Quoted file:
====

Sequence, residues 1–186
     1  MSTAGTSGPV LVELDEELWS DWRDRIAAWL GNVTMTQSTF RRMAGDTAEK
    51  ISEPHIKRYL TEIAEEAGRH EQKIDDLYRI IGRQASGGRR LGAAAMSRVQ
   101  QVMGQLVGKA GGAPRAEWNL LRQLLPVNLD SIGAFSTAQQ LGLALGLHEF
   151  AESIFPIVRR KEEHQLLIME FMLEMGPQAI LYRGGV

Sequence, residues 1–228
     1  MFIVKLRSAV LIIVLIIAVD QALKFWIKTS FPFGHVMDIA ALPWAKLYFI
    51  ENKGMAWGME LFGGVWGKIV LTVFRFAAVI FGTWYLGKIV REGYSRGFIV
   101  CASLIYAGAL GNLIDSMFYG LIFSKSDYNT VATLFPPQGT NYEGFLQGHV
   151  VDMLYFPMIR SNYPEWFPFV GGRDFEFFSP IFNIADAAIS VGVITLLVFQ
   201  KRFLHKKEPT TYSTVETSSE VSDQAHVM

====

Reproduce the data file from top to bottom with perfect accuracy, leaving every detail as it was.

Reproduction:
Sequence, residues 1–186
     1  MSTAGTSGPV LVELDEELWS DWRDRIAAWL GNVTMTQSTF RRMAGDTAEK
    51  ISEPHIKRYL TEIAEEAGRH EQKIDDLYRI IGRQASGGRR LGAAAMSRVQ
   101  QVMGQLVGKA GGAPRAEWNL LRQLLPVNLD SIGAFSTAQQ LGLALGLHEF
   151  AESIFPIVRR KEEHQLLIME FMLEMGPQAI LYRGGV

Sequence, residues 1–228
     1  MFIVKLRSAV LIIVLIIAVD QALKFWIKTS FPFGHVMDIA ALPWAKLYFI
    51  ENKGMAWGME LFGGVWGKIV LTVFRFAAVI FGTWYLGKIV REGYSRGFIV
   101  CASLIYAGAL GNLIDSMFYG LIFSKSDYNT VATLFPPQGT NYEGFLQGHV
   151  VDMLYFPMIR SNYPEWFPFV GGRDFEFFSP IFNIADAAIS VGVITLLVFQ
   201  KRFLHKKEPT TYSTVETSSE VSDQAHVM